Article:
How to Manage "Activity Fatigue" With Crohn's and UC
Do you ever experience activity fatigue? Let me explain... Do you ever overdo it on the days you wake up and feel okay? It's those days that you may have slight symptoms, but nothing severe, therefore you take advantage and try to do a million tasks in a span of 12 hours.
Trying to get EVERYTHING done
You do the laundry that is behind. You run the errands you haven't been able to get to. You clean half of your house and decide to visit family you haven't seen. Heck, if anyone wants to go out to eat, you are in too. You just dump everything you can in 1 little day.
It's a completely overwhelming number of tasks that even a healthy person would find tiring. It's a purge of events done in a tiny amount of time that ends up causing intense fatigue afterwards.
Then the intense fatigue hits
The intense overextending of yourself leaves you worse than before. Typically, by the time you reach your bed that evening, you are in such a state of exhaustion you can barely move your body to turn over. You are beyond done.
The ironic part is, the following day you need to rest in order to recuperate. So is it worth it to purge as much as you can in 1 day?
Wanting to feel in control with Crohn's and UC
I think the only positive in doing so is that the act of overextending ourselves means we still long to feel alive, in control, and productive. I think this is a good thing. The fire within us to do what we can, when we can – which isn't often.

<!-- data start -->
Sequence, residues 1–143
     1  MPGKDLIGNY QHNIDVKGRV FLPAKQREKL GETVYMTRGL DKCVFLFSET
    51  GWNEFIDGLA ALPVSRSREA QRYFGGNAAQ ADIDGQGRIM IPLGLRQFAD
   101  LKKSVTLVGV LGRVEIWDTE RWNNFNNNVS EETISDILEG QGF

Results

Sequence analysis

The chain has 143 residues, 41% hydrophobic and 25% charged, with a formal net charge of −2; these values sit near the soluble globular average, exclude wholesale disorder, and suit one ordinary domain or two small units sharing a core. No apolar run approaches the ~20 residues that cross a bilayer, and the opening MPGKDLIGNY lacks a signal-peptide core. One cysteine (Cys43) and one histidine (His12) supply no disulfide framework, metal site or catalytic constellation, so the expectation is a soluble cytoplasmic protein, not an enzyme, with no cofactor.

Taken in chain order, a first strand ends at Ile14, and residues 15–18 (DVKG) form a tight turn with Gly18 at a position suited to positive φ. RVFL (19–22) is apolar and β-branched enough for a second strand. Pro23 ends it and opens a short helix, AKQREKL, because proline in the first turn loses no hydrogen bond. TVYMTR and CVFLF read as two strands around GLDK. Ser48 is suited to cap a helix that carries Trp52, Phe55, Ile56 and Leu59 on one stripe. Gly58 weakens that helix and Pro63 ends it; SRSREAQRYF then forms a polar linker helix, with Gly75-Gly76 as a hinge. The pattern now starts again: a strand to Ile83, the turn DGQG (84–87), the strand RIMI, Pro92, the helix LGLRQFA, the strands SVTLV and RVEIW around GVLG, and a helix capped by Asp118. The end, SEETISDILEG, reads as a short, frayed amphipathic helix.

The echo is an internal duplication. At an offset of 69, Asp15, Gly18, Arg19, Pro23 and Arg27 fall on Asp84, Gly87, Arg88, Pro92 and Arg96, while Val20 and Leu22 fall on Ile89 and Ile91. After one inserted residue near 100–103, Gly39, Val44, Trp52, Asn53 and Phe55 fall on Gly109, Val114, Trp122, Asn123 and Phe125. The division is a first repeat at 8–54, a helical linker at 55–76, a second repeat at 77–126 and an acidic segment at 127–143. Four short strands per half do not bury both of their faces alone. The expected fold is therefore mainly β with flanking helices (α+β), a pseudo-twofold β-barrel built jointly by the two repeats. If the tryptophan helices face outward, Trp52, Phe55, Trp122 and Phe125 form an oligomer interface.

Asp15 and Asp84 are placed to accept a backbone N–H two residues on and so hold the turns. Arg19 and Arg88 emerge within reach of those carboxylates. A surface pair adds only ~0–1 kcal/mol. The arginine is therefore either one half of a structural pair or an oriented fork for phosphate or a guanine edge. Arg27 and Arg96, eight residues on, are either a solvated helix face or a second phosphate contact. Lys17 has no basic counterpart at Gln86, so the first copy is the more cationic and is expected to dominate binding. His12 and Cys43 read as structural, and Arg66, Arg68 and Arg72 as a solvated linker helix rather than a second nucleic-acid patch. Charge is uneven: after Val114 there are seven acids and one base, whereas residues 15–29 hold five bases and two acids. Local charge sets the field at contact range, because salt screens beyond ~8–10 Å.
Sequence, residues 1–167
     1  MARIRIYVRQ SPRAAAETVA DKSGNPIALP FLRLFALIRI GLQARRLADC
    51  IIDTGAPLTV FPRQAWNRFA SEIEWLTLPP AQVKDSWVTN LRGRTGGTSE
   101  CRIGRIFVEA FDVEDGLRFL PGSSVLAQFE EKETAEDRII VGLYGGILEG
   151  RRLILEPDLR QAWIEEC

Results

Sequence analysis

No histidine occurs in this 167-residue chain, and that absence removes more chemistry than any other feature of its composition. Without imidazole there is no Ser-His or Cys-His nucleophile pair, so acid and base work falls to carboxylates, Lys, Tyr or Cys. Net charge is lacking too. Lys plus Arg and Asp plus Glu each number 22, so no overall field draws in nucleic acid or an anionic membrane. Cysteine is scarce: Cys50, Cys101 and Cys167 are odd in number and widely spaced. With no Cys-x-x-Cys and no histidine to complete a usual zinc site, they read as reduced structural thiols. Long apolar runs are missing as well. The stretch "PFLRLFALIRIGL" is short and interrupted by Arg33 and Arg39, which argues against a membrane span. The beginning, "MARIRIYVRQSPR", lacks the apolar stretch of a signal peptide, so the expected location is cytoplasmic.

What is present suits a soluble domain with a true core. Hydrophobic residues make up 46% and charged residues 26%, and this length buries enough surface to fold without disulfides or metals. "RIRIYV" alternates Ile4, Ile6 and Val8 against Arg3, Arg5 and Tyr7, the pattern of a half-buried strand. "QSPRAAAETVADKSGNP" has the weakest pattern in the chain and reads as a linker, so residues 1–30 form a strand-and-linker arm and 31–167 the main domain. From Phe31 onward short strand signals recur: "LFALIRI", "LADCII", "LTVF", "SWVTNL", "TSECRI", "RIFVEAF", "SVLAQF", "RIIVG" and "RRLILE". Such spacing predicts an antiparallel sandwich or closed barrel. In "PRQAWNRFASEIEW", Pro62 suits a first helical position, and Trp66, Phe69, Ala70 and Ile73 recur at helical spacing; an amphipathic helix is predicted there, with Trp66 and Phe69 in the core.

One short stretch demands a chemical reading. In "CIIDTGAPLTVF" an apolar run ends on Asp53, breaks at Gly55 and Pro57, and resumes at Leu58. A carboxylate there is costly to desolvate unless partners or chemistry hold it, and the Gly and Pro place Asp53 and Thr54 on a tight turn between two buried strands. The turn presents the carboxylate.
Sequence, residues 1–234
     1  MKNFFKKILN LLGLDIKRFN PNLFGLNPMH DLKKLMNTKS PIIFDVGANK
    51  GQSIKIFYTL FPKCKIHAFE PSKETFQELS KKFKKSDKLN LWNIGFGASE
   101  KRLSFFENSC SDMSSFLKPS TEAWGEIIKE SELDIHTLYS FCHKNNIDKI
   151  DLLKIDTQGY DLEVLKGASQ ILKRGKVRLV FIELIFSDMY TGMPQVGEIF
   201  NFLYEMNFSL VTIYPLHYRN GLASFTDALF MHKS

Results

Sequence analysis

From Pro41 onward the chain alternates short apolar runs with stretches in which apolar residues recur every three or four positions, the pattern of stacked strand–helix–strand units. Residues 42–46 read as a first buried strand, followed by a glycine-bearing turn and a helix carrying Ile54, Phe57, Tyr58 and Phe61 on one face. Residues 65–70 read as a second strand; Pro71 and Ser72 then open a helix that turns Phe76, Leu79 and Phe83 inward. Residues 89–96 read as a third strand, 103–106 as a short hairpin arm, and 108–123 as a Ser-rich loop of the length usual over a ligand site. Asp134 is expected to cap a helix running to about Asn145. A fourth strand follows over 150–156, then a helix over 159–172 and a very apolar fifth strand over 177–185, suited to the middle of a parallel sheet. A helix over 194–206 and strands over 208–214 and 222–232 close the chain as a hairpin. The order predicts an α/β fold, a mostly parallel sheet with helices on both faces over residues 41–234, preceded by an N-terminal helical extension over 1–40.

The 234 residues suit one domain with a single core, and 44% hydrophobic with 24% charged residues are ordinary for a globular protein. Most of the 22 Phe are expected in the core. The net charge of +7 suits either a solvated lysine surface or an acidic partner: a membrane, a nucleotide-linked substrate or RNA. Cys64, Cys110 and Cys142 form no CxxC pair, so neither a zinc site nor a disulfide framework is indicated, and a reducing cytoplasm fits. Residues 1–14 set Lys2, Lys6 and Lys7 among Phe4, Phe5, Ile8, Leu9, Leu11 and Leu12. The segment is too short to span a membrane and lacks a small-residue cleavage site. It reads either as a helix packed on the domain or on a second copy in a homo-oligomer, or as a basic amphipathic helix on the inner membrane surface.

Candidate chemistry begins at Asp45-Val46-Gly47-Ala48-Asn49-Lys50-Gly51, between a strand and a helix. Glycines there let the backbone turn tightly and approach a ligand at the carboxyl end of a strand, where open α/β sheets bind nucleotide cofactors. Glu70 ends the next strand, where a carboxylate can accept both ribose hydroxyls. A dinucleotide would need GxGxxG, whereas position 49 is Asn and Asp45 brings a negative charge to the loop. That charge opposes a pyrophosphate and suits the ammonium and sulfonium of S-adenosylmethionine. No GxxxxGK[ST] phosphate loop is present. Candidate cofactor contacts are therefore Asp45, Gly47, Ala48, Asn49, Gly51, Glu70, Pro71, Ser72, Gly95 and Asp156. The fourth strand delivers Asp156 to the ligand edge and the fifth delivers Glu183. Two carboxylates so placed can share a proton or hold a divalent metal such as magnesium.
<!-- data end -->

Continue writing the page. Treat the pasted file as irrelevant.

It's the fight to push against the diagnosis and reclaim our power – the moment it releases its grip, even if it is for a couple of hours. We are off to the races doing all we can.
And then it backfires
The negative, however, is we hurt ourselves in terms of our physical health. The overstimulation is a lot for us, and it never ends well. Often times we need an entire day, if not more, to regain strength.
Sometimes we are even left to deal with a flare. And mostly, the activity fatigue can last for days after. The feeling of being under water, moving slow with every task.
Being mindful about our limited energy
So how can we find a happy medium? I think the answer is just that. Finding a medium amount of tasks to do on those symptom-free days and never forgetting that rest and moderation is essential every day, not just on the bad ones.
We have to learn to moderate our activities always. We have to learn to be our own referee, our own friend, and our own best caretaker. This can be challenging but it is totally achievable.
In addition, it is always a good idea to delegate tasks. Ask a friend or family member to help with daily tasks, and in doing so, you can spend your good days on things that nourish the body and mind rather than the things that feel draining.
Crohn's and UC "activity fatigue" tips
So next time you have an amazing day with little to no symptoms, remember to moderate the tasks you choose to do. Activity fatigue can be hurtful for us, and hard to recuperate from.
So try your best to avoid the overwhelming of tasks. Delegate what you can, and prioritize spending your good days with nourishing tasks and allowing rest to be part of the schedule.
How about you? Do you ever experience activity fatigue? If so, share below how you manage.
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